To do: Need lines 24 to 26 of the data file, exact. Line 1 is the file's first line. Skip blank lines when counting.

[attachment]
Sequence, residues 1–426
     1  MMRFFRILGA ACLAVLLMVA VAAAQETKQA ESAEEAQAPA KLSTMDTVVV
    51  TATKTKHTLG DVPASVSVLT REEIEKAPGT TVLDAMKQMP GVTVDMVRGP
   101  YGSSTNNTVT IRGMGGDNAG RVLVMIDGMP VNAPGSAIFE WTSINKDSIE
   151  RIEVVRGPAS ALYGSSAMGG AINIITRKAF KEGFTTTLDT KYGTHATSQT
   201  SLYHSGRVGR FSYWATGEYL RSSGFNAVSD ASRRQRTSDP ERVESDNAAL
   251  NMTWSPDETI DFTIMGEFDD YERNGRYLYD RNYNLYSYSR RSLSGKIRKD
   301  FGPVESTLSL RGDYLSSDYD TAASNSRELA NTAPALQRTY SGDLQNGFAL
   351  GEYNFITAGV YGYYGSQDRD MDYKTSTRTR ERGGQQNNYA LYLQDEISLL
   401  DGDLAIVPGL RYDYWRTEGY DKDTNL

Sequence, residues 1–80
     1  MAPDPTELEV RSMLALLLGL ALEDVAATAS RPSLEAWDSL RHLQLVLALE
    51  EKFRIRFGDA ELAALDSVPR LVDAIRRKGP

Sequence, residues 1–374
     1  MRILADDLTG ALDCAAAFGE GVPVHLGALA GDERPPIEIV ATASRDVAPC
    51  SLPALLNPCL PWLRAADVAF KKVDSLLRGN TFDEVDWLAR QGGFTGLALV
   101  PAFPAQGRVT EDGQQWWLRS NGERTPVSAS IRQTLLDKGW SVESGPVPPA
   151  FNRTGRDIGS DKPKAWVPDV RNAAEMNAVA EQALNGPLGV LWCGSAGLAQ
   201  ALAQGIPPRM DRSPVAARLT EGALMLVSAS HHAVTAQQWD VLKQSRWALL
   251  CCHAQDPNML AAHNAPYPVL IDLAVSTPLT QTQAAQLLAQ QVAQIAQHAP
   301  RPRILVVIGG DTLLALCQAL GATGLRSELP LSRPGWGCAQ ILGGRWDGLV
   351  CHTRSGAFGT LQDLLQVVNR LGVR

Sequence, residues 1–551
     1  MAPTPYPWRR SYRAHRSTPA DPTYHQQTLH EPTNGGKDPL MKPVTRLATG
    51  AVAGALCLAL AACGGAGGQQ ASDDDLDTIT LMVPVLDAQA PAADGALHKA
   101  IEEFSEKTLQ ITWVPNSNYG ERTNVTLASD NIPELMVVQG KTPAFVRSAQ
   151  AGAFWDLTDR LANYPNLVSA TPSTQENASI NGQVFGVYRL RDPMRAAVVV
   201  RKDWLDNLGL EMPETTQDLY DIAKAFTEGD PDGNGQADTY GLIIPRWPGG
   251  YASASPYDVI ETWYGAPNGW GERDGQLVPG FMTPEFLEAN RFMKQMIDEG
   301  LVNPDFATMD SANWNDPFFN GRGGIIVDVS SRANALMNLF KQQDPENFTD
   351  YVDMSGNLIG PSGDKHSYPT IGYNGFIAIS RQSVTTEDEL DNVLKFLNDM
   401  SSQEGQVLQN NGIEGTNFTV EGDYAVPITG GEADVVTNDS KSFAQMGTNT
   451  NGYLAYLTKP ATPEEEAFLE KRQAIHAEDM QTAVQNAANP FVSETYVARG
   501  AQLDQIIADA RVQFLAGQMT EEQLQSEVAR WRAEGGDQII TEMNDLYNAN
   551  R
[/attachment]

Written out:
     1  MAPTPYPWRR SYRAHRSTPA DPTYHQQTLH EPTNGGKDPL MKPVTRLATG
    51  AVAGALCLAL AACGGAGGQQ ASDDDLDTIT LMVPVLDAQA PAADGALHKA
   101  IEEFSEKTLQ ITWVPNSNYG ERTNVTLASD NIPELMVVQG KTPAFVRSAQ